The Biri Island: It's one of the most fascinating towns of Northern Samar in the Philippines.It is known for its awe-inspiring rock formations carved thru time due to big waves of the San Bernardino Strait that lap up the eastern portion of its shore.
Its rocky landscape leaves vast potential for exploration. There are hundreds of sites and thousands of routes waiting for the intrepid climber.
The island town has been a favorite place for photography enthusiasts and picnickers, especially during summer when the weather is good and the sea is calm. Visitors spend the day relishing the site and taking a dip in the cool turquoise blue water. It has also attracted surfers during the months of October to January, with its perfect surging waves.
Brief History: Biri was originally an island barangay under the jurisdiction of Bobon, Northern Samar until its conversion into a new and independent municipality under Republic Act No. 5500 on June 21, 1969. Biri became the 21st municipality of Northern Samar.
The island used to be Tingiao, as referred to in the navigational maps of the Spanish Galleons, and was the entry point to Luzon and Visayas.
As navigational landmark, the name “Biri” was derived from the Spanish word to “barrer”, meaning to sweep.
Every time the Spanish captain of the Galleon would sight the San Bernardino Isle and Biri of Tingiao, the captain would order his men “barrer” or clean the galleon deck in preparation of their berthing to the Capul Island for their trip to Manila. On some occasions, the Spanish Galleon would anchor at Biri Bay before proceeding their navigation to Manila.
While in the Island, inhabitants would heart he Spaniards naming the Island “verey”. From then on, the word “verey” was popularly known as “Biri”.
During World War II, Biri was the site of the Japanese Garrison Signal Corps due to its strategic location from the Pacific Ocean. Many Biri-anons became witnesses to the passing of the American submarine and other warships during the liberation of Leyte. A bomb-made lagoon still exists inside the Biri Central Elementary School.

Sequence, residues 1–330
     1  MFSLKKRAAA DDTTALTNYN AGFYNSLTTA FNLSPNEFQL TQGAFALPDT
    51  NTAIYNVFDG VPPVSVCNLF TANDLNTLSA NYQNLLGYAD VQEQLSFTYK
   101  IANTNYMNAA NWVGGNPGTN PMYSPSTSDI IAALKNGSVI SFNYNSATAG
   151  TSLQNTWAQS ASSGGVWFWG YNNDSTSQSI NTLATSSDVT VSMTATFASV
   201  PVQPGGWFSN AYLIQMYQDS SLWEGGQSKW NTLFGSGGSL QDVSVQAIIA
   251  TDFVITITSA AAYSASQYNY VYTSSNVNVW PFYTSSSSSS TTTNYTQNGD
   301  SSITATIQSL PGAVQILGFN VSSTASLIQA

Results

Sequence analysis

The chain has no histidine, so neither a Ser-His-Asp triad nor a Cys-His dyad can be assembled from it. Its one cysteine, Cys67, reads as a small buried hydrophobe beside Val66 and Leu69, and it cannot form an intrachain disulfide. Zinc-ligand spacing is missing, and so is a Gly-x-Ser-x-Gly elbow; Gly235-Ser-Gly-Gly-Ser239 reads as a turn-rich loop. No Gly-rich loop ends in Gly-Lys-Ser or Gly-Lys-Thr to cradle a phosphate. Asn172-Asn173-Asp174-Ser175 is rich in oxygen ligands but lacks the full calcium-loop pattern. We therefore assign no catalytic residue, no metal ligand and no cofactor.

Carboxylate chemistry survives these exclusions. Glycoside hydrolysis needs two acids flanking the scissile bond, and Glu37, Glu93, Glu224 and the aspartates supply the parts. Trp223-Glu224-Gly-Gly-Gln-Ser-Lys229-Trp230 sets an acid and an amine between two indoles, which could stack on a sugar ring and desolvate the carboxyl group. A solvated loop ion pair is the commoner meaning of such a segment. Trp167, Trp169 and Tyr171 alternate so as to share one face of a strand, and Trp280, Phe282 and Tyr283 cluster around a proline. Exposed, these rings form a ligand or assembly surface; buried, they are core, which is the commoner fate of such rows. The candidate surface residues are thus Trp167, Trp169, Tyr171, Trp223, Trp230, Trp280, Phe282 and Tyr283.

Island Geography: Biri is situated in the northernmost tip of Northern Samar, facing the Pacific Ocean to the East and the famous San Bernardino Strait to the west.
It has a total land area of 24.6 square kilometers and is composed of 8 barangays namely, Pio del Pilar,Poblacion, MacArthur,Kauswagan, Progress, SanAntonio, San Pedro and Santo Niño.
The Demography: The island registered a total population of 10,649 in the 2007 Census of Population. Its population density of 433 persons per square kilometer is the third highest among the 24 municipalities of Northern Samar.
Biri inhabitants are a blend of Waray and Bicolano culture. The inner inhabitants speak Waray dialect while the outer island people speak Bicol-Waray dialect.
SCENIC SPOTS: Biri takes pride in its natural scenic spots, foremost of which are the magnificent rock formations of Magasang and Bel-at. Two huge,beautifully carved rocks, each about the size of a three-story building, stand separately on a wide flat rock on one of the islets called Magasang. A big rock formation with a bat cave underneath can be found in Bel-at.
These spots have been attracting both foreign and domestic tourists. It became so popular when one of the scenes of the movie entitled “Iisa Pa Lamang” starred by Richard Gomez, Dawn Zulueta and Maricel Laxa was shot in their place. It also became a setting of an adventure-horror-drama film called “Spirit Warriors II” starred by Danilo Barrios, Vhong Navarro and Chris Cruz. Likewise, these spots were featured in the 2001 Calendar poster of the Philippine National Oil Company (PNOC) as one of the Geological Wonders of the Philippines.Also featured recently in a local-environmental show "Born to be wild".
The Kaway Festival: Apart from the natural rock formations, Biri is teeming with squid. The squid’s tentacles otherwise known as “kaway” lead to a Kaway Festival which is the Birianon’s expression of thanksgiving for the abundance of sea products. This is being celebrated every 23rd and 24th of June.
Various agencies and barangays participate in the merry-making and breath-taking dance exhibitions. This
Through the Kaway Festival, Biri will nurture a culture of peace in harmony with nature, and will probably become the gateway to the arts and culture of Northern Samar.